Australian summers and barbecues go hand in hand. One man who knows a little more about this popular method of cooking than most is Rafael Tonon, head chef at Mr Busby’s, Dalwood Estate.
Born in Brazil with Italian lineage, he grew up in a family of restaurateurs and chefs. His earliest memories are of working alongside his Nonna in her kitchen, making traditional pasta from scratch.
Tonon has called Australia home for the past 16 years. During that time he was executive chef at the Publica Group in Sydney, worked under Pete Evans at Hugo’s and for Massimo Mele’s catering business, and had brief stints at Sydney restaurants Fei Jei and Barrio Chino.
His summer preference is to cook seafood on the barbecue because it’s “light, quick and easy when entertaining guests”. When cooking for friends and family at home, Tonon also prefers cooking in what he describes as “a more progressive sharing style”.
“As a Brazilian, when it comes to barbecuing it’s all about socialising,” he told Food & Wine. That means – for the cook, anyway – keeping things simple and preparing in advance.
“My top tips? Firstly, make sure your barbecue is as clean as possible,” he said.
“Also, pre-heating your barbecue is a must. I would recommend cooking over coals or wood for a great flavour experience. And use the freshest produce from your local butcher or fishmonger.”
When it comes to cuts of meat, he is partial to a rump cap.
“It’s an old favourite as it has a beautiful cap of fat which crisps up when barbecued. Also, chicken hearts are a little unusual but if you’re willing to give them a go, you won’t regret it.
“Wagyu skirt is also great. It’s packed full of flavour. Ask your local butcher for the freshest produce available. If you’re looking for something special, I would recommend trying Victor Churchill butcher in Woollahra.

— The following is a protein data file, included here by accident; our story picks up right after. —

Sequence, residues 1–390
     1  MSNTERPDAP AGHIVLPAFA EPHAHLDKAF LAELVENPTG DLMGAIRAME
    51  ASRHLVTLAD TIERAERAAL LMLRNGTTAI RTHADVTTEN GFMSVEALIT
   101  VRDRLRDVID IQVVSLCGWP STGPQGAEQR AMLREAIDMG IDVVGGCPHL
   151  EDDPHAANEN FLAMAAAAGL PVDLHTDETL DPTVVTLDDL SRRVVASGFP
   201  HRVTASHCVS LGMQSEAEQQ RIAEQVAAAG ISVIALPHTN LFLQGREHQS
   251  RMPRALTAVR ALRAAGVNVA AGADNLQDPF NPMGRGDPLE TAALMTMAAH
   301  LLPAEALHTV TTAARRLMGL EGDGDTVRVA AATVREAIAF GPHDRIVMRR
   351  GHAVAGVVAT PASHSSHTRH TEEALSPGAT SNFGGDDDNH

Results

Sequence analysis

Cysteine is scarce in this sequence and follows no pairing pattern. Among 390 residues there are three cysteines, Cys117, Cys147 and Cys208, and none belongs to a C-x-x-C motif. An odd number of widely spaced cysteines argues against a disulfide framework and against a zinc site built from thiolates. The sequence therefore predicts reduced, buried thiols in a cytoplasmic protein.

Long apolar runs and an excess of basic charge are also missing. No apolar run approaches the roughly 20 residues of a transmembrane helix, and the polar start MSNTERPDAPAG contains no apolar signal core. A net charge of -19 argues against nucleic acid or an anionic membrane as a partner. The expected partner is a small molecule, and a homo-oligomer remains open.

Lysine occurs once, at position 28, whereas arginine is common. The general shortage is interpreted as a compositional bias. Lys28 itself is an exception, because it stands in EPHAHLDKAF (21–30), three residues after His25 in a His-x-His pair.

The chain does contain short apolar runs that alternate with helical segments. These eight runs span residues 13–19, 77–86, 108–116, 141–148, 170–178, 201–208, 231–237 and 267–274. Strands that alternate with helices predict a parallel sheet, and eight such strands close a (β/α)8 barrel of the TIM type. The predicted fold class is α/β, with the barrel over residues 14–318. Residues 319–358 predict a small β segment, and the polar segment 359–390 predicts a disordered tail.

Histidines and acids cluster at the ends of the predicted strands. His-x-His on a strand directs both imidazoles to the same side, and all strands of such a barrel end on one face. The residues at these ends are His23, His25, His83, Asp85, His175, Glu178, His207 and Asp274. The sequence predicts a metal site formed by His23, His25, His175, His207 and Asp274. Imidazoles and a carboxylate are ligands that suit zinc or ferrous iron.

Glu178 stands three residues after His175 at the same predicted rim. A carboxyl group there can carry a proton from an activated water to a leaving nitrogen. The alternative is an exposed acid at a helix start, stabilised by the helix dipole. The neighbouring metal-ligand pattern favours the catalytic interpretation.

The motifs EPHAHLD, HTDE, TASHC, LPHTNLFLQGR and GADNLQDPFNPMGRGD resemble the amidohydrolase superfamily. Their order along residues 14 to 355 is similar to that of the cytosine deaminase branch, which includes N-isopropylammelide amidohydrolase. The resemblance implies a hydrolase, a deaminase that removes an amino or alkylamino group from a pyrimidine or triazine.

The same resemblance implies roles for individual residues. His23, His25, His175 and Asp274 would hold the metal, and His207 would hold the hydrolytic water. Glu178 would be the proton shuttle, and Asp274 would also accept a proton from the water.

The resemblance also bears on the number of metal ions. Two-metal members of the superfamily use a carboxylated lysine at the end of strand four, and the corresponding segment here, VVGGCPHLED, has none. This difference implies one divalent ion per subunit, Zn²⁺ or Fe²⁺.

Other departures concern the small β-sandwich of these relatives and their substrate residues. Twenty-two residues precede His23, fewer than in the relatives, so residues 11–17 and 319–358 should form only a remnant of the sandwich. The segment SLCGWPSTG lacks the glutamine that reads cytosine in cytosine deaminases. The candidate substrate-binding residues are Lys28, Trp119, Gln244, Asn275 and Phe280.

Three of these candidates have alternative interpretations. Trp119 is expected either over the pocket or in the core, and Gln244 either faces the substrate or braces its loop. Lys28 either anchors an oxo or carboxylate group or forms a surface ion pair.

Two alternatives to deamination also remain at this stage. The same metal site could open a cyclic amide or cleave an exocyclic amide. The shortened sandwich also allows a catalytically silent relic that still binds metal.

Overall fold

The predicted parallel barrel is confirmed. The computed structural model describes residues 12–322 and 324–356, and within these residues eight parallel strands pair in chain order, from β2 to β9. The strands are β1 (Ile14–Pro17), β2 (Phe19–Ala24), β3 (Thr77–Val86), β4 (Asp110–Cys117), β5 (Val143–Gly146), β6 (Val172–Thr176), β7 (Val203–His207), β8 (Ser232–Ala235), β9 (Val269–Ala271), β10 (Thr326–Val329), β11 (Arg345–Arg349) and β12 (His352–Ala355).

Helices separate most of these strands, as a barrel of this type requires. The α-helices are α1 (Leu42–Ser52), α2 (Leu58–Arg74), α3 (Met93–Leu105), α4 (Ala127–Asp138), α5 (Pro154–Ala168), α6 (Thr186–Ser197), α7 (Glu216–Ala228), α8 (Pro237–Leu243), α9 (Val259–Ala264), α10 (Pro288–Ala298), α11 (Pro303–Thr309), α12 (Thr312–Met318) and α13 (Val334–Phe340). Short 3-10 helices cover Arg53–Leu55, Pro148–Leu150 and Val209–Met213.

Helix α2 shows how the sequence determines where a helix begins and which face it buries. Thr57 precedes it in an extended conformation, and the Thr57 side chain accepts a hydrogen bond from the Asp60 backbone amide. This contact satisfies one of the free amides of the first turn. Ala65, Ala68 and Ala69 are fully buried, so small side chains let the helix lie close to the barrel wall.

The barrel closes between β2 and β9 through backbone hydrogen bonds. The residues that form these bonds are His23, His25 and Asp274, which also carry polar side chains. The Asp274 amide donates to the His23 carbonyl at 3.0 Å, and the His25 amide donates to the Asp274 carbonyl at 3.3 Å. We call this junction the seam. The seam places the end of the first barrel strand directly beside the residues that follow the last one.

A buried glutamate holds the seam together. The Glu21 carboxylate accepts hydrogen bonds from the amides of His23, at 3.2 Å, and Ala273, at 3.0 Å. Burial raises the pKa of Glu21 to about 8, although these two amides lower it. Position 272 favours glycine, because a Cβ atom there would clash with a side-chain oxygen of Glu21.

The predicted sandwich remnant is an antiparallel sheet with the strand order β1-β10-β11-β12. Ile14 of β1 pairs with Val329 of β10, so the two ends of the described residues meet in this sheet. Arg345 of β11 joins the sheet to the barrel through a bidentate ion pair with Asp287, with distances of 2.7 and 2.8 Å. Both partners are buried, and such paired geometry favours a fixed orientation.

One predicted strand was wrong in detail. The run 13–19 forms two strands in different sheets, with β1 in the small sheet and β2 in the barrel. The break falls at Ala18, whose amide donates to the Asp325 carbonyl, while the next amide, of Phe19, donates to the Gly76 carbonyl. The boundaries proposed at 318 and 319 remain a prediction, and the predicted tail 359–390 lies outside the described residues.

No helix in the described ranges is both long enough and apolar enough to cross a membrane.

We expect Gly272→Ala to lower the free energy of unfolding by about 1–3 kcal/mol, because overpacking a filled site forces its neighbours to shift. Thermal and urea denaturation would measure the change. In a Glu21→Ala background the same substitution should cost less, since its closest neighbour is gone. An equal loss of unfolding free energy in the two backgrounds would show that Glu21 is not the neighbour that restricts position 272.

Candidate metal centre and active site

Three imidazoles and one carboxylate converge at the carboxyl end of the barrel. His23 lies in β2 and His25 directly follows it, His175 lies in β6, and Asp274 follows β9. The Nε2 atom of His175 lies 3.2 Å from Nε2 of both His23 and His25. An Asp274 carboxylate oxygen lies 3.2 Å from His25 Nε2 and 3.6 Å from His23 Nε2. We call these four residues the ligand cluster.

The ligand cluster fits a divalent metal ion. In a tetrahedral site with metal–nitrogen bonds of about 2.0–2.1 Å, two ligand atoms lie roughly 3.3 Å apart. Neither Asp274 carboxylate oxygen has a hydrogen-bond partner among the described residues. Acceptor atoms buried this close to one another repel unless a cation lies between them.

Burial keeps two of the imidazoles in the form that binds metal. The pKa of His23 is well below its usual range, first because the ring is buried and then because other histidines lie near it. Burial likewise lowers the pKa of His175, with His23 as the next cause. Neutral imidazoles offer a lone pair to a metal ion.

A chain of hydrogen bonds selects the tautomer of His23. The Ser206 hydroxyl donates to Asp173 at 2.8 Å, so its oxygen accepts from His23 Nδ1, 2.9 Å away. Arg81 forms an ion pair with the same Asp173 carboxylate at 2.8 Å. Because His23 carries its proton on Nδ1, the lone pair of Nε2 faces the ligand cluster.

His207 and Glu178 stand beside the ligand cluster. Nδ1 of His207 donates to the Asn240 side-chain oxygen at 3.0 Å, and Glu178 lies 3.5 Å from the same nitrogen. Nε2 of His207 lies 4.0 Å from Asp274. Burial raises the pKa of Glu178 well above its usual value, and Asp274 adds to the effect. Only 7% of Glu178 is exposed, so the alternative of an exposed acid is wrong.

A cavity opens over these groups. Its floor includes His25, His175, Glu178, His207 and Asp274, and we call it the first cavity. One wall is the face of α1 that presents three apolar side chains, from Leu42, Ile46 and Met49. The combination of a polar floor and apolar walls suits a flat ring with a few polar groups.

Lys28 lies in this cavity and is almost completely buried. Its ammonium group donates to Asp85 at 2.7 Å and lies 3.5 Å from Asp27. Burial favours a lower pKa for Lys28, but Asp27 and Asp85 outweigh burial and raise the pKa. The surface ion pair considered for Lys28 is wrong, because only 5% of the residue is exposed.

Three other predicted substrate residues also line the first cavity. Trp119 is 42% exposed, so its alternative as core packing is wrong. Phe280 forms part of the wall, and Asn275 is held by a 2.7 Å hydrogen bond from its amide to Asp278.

“And if you’re time poor, try to find primary cuts where you can simply seal, rest and serve. For example, a beautiful scotch fillet, making sure it’s not too thick.”
When it comes to sauces or marinades and proteins, Tonon says it’s simply a matter of personal preference.
“On a steak, I would only use salt and pepper however when cooking some squid, over coals, I would marinate with chilli, oregano, lemon zest and garlic for something different and yummy.”
As for slow cooking, it’s “awesome”, he says. “We do a lot of smoking for our restaurants MEET and Mr Busby’s where we cook brisket for 12 hours on low temperature to maximise tenderness and moisture while creating a delicious smoky flavour.”
- Tonon shared this simple barbecue rub recipe for chicken wings cooked in a smoker: 6 tbs sweet paprika, 2 tbs smoked paprika, 2 tbs brown sugar, 2 tbs sea salt, 1 tbs ground black pepper, 2 tbs dried oregano.
Mr Busby’s is open Saturday and Sunday, 8am to 4pm, 700 Dalwood Road, Dalwood. It’s a Brazilian-inspired, family-friendly restaurant on the banks of the Hunter River with an emphasis on slow food. Everything is made from scratch using seasonal, local produce and quality ingredients.